Shetland Islands Council has been granted an extension to its consultation deadline on the Viking Energy windfarm proposals – but only by half of what it had been seeking.
The Scottish Government announced on Thursday afternoon that the council would have until 13th November to make a recommendation to ministers on the plan to build 150 huge turbines in central Shetland.
The council had seeking an extension until the end of the year to allow it to hold a series of public meetings in Lerwick, Aith, Brae and Dunrossness.
Councillors agreed to the meetings after rejecting advice from legal services head Jan Riise that they should not take a political decision because they faced an “irreconcilable” conflict interest because of their joint role as trustees of Shetland Charitable Trust.
The council is the fourth of four statutory consultees to the project, the three others (RSPB, Scottish Natural Heritage and Scottish Environment Protection Agency) having objected or made a series of objections before the deadline they faced on Tuesday this week.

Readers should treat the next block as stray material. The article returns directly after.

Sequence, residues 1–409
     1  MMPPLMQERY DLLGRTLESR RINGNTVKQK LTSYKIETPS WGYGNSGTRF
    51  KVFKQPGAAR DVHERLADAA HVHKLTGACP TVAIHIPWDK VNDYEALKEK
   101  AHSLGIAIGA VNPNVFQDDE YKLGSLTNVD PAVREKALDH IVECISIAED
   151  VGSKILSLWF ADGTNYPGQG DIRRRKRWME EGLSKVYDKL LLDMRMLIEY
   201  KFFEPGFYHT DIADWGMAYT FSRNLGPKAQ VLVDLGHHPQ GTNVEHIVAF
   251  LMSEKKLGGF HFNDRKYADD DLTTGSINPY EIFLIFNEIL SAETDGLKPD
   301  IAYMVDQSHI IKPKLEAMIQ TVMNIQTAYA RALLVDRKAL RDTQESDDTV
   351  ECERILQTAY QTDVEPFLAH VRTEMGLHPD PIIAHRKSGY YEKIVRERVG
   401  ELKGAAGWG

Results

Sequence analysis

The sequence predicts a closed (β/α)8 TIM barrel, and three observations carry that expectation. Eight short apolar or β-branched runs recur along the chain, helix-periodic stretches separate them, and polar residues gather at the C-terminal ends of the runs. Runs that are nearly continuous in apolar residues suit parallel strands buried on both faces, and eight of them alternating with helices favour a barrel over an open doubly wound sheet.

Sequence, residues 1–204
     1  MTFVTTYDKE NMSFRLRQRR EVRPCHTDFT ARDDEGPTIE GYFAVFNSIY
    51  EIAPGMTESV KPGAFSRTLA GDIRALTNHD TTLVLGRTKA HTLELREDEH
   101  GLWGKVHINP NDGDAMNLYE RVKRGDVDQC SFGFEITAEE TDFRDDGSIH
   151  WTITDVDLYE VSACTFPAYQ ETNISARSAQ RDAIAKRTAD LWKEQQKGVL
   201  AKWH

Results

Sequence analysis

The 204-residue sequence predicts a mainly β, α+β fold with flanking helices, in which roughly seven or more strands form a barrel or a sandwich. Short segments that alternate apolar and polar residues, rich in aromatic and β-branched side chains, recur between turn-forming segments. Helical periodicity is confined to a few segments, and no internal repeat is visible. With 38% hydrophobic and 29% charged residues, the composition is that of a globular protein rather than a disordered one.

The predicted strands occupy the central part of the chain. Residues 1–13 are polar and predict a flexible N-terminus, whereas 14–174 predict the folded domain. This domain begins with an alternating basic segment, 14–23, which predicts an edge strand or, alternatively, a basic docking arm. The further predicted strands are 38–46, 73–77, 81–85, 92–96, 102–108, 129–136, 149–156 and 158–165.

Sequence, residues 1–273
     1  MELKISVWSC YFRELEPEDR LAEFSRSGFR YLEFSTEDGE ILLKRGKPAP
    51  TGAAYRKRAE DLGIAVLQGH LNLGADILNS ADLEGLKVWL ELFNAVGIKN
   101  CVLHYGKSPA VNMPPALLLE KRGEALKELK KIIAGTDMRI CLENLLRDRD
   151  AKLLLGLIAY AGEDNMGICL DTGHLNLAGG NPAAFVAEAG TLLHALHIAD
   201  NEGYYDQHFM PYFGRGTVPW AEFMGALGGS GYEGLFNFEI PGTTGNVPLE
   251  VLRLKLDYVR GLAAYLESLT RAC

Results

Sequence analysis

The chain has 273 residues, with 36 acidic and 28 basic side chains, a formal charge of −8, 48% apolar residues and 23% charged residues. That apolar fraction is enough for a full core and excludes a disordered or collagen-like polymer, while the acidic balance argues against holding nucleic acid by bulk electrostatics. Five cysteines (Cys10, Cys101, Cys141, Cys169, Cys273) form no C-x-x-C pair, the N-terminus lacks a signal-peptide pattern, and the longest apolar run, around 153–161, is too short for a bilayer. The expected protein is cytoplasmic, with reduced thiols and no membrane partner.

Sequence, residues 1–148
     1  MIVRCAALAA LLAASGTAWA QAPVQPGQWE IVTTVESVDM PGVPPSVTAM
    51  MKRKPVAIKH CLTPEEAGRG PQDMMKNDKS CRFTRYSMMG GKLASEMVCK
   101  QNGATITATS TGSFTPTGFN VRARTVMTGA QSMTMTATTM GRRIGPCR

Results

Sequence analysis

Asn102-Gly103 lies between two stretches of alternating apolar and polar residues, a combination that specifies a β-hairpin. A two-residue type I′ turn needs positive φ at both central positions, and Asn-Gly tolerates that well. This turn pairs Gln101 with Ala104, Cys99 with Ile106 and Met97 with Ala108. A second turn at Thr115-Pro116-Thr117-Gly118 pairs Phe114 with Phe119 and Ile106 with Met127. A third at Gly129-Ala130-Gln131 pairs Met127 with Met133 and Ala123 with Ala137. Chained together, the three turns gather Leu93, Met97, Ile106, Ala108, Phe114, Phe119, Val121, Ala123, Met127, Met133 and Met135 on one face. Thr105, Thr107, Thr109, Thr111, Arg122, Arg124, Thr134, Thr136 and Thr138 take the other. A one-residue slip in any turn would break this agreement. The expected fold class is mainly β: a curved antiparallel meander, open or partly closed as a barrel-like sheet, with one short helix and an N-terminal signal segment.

Well over 1,000 comments on the Viking Energy plan were submitted to the government’s energy consents unit (ECU) before Tuesday.
The Glasgow-based unit, which is handling the application and will help shape minsters’ views on the proposed development, has four members of staff assessing the responses. But it is expected to take until next week to gauge the precise numbers for and against the development.
A Scottish Government spokesman said there had been a large volume of representations which was expected “to run into four figures”. “There is a lot of correspondence to process,” he said.
“A determination will only be made after careful and thorough consideration of all material issues, in accordance with the relevant legislative and planning obligations.”